The train came to a sudden halt, and they could hear voices outside. Petra appeared in their car. He looked at Alexey, and without speaking, shifting his eyes in a way to indicate something was wrong behind him. The police must be coming through. Alexey told Vasili and Maria to hide behind the last seats and he would take care of it.
From the car in front of theirs, they could hear the policeman shouting, “I will need to see your passports.”
Before the policeman could make it into their car, Alexey whispered to Vasili and Maria, “stay hidden behind the seat, you will make it my friends.”
Vasili wanted to shout, but knew he could not.
Alexey stood up, strode to the next car and yelled “I do not have a passport.”
The policeman eyed him suspiciously, but he knew that if he pulled in even one of these young men tonight, his lieutenant would be happy. He grabbed Alexey’s arm without looking farther into the car and pulled him forward in the train.
When he had gone, Petra came back to Vasili and Maria. “You can come out. He will not bother you now, he has done his day’s work.”
“But what will happen to Alexey?” sobbed Maria. “We cannot let him get arrested for us!”
“You have no choice. He knew what would happen. He must love you two dearly. When they find out his name and age, they will place him in the army after they make him sorry for crossing them.”
The train started back up, and they could see Alexey being pulled into the station. But as he looked their way he smiled a broad smile, in spite of the blood that had already stained his teeth. Maria opened her hand and realized she had been gripping her rosary so hard that she could see the impression of the three-barred cross in her palm. She looked up and when her eyes met Vasili’s, she could see that he understood.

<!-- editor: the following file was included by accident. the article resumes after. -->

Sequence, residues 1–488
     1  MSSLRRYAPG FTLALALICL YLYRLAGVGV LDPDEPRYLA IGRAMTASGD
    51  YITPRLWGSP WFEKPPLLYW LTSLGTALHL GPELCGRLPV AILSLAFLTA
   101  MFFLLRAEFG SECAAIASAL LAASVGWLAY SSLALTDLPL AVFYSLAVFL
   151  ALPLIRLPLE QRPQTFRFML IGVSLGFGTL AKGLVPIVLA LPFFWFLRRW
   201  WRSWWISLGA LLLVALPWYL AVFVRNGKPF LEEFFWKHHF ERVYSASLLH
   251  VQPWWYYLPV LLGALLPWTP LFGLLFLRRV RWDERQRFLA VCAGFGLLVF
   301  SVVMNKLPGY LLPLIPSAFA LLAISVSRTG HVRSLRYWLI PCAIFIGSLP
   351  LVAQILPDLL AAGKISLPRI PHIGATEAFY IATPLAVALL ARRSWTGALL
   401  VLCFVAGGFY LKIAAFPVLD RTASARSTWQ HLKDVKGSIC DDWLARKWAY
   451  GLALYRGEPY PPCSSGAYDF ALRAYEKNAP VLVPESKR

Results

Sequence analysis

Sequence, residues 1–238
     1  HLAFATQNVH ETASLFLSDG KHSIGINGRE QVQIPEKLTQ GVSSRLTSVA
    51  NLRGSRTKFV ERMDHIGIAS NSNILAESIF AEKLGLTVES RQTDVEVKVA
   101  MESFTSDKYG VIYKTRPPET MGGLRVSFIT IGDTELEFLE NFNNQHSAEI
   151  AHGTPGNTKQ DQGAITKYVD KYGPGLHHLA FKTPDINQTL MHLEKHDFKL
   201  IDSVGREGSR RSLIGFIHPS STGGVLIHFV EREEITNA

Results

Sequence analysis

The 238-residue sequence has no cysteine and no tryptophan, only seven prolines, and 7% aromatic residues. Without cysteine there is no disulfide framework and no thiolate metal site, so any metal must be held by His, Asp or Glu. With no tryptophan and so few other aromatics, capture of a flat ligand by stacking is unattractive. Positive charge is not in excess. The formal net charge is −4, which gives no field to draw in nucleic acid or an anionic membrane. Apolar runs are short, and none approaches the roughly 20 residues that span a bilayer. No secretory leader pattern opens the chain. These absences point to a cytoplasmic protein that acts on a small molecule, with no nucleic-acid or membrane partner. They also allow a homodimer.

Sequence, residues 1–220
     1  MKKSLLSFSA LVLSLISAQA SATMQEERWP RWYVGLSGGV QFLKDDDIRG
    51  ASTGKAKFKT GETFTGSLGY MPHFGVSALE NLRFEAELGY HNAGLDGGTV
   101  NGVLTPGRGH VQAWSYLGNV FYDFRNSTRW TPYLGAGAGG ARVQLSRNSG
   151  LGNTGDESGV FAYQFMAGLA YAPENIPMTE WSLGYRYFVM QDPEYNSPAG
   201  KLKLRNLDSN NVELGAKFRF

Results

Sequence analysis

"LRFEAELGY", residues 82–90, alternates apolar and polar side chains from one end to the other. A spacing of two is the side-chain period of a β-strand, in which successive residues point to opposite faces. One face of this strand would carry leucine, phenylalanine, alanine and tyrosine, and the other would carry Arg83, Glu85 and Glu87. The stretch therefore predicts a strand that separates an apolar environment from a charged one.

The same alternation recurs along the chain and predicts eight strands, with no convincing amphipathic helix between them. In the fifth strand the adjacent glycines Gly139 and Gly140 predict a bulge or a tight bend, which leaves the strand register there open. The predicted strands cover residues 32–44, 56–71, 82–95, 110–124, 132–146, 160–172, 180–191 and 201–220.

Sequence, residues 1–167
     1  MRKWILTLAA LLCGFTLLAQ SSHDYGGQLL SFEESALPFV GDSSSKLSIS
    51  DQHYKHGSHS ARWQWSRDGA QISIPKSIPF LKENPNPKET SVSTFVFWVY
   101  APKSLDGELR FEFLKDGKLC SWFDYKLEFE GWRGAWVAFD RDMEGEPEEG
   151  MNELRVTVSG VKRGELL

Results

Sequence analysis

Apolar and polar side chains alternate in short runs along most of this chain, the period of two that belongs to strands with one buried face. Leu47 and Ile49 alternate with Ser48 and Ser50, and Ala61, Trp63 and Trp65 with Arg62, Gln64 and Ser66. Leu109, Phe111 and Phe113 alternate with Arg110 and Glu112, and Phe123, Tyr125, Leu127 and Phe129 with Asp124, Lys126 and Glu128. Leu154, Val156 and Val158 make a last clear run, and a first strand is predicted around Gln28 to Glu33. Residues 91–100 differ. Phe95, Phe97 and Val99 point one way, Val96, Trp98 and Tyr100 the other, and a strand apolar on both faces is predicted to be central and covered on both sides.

They fell asleep as the train rounded the bend, following the Poprad through the mountains, then into the northern reaches of the Empire. It was late in the year, but the snows that often blocked the rails had not yet started to fall.
When they awoke, hazy sunlight was just starting to flow down the mountains to bathe the valley in golden hues. The trees were turning various shades of yellow and red. For Vasili and Maria it felt like it was the first time that they felt the beauty of their home mountains. Vasili had always loved the mountains. When he hunted, he had enjoyed the mountain air and the smell of the tall pines that grew up higher on the ridge. But those times were short-lived; something always needed tending at the farm.
He looked at Maria with a large smile and said, “Do you remember when we wandered off into the mountains. Mother was frantic.”
Maria smiled wistfully. “And you got the switch for taking me with you!”
“It was worth it. We explored the forests like we were in Tale of the Disobedient Children.”
“I was afraid Berstuk would grab me at any moment,” Maria laughed as she mentioned the old god of the forest.
They were so intent on their happy memories that they did not notice the train had stopped in Krakow.
Maria’s smile turned to anguish as two agents dressed in the gray uniforms of Hungarian police appeared in their car.